We can also quantify the value of the attacking moves that Caicedo initiated for Brighton last season. He broke up play and started attacks worth 5.10 expected goals (Brighton actually scored 11 goals from these situations). Again, this figure was only bettered by the peerless Rodri (5.89).
As a defensive force, there are very few players capable of the industrious work that Caicedo exhibited last campaign.
In possession, Caicedo’s ball-retention ability is very strong in a Brighton side that dominate the ball. His 88.9% pass accuracy was behind only Rodri among all midfielders in the league, and he is highly accurate over short (92.5%), medium (90.5%) and long (79.2%) distances.
This tidiness with the ball is a very important aspect of Caicedo’s game, given he often acts as the first receiver from Brighton’s centre-backs as they build-up from the back.
Pivots receiving the ball directly from central defenders get pressured heavily and regularly, and Caicedo was no different last season, coming under direct pressure 23.5 times per game, more than any other Brighton player.
Close control and ability to work in tight spaces is crucial, and Caicedo demonstrated comfort under duress frequently last season. He was always willing to receive the ball from Brighton’s defenders with opponents around him, often positioning himself in between attacking players to receive a line-splitting pass.
His 86.0% passing accuracy when under pressure from an opponent was behind only Rodri (again) and Enzo Fernández (his future teammate, perhaps?)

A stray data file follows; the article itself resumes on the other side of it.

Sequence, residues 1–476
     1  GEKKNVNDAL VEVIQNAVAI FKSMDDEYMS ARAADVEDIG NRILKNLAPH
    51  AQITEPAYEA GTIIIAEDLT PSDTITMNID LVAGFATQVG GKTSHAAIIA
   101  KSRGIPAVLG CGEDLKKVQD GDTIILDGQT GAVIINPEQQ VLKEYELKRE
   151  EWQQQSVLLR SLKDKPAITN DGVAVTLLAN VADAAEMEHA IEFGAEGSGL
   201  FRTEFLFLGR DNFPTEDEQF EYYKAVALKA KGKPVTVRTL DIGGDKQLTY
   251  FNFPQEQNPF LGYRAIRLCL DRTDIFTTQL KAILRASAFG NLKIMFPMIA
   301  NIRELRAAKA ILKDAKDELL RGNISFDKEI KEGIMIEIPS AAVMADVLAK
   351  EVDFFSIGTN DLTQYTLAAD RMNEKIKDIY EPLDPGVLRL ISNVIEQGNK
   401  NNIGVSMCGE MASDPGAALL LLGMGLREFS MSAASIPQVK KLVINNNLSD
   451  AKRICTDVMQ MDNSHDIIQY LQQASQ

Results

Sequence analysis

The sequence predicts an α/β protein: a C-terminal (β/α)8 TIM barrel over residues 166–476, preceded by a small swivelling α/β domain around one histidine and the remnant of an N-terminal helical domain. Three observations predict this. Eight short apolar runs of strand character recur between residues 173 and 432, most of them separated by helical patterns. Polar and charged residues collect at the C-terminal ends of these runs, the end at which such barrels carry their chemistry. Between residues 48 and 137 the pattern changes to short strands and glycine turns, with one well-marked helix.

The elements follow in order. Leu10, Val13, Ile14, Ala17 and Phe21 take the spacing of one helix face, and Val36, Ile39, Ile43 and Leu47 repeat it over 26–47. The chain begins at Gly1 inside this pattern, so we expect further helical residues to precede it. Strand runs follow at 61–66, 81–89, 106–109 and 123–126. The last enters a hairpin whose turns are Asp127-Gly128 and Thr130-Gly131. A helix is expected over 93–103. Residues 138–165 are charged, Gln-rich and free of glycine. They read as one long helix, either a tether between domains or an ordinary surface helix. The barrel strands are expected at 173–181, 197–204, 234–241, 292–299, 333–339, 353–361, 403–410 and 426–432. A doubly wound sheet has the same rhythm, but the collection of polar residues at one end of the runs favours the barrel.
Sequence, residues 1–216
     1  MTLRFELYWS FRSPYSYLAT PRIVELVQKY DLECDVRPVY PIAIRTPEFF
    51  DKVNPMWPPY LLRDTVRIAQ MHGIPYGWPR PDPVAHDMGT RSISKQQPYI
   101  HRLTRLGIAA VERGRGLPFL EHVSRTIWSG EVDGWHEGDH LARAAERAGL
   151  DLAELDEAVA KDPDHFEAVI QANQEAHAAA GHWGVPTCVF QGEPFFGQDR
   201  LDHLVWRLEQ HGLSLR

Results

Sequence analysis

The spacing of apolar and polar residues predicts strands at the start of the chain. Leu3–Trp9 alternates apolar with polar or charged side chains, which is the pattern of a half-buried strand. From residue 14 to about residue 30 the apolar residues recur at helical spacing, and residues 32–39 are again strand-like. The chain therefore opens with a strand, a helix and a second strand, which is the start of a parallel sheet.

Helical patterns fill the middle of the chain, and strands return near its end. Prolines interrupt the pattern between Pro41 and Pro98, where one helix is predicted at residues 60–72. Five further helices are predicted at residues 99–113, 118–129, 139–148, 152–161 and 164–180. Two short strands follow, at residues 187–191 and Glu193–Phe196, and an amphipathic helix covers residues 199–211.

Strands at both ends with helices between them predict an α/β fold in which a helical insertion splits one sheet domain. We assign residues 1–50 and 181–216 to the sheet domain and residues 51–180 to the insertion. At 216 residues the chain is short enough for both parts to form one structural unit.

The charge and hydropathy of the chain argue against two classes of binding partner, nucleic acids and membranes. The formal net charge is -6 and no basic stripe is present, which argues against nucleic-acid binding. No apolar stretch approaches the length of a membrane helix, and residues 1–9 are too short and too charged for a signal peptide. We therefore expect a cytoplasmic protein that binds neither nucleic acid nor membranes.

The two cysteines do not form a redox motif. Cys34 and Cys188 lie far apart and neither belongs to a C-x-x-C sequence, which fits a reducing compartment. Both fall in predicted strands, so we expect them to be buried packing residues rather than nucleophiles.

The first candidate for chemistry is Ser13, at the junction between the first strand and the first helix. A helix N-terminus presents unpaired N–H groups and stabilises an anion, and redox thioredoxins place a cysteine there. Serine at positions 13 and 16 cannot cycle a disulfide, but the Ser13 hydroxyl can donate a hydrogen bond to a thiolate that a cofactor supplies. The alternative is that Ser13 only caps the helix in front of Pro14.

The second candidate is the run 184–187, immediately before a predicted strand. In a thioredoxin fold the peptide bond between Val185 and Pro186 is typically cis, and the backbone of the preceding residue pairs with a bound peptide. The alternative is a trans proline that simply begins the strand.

Caicedo is crucial to the way Brighton build through the thirds, frequently involved in the build-up to their shots.
He was involved in 185 of Brighton’s moves that ended in a shot last season, and the vast majority of those (118) came when his involvement was just in the build-up. Again, only an unnamed Spanish midfielder for Manchester City (132) was involved in more build-up passing moves that led to a shot than that sum, which highlights just how much of a conduit Caicedo is for Brighton’s progression of the ball upfield.
With just one goal and one assist to his name in 2022-23, Caicedo’s direct attacking output isn’t immediately obvious. But his dynamism and tireless energy makes him a powerful box-to-box midfielder, capable of getting up and down the pitch with ease.
His creativity on the edge of the attacking box is perhaps slightly underrated, with Caicedo’s 41 chances created the fourth highest of all Brighton players last term. Combine that figure with his secondary chances created – the pass before the pass that creates the chance – and that tally of 76 is only behind Gross.
With N’Golo Kanté departing for Saudi Arabia, there’s no surprise Chelsea are heavily linked with Caicedo. He would be an ideal replacement for the Frenchman, who at his best was an elite ball-winner with endless energy reserves. Partnering him with Fernandez in the heart of Chelsea’s midfield would be a scary proposition.
Wherever he does end up, at the age of 21 Caicedo could potentially provide his next club with a midfield solution for the next decade. That, alone, is a big reason why the sums of money we’re talking about are so high.
Who were the most similar players to Moisés Caicedo across 2022-23? You can find this out, plus analyse thousands of other players in the new Opta Player Comparison tool.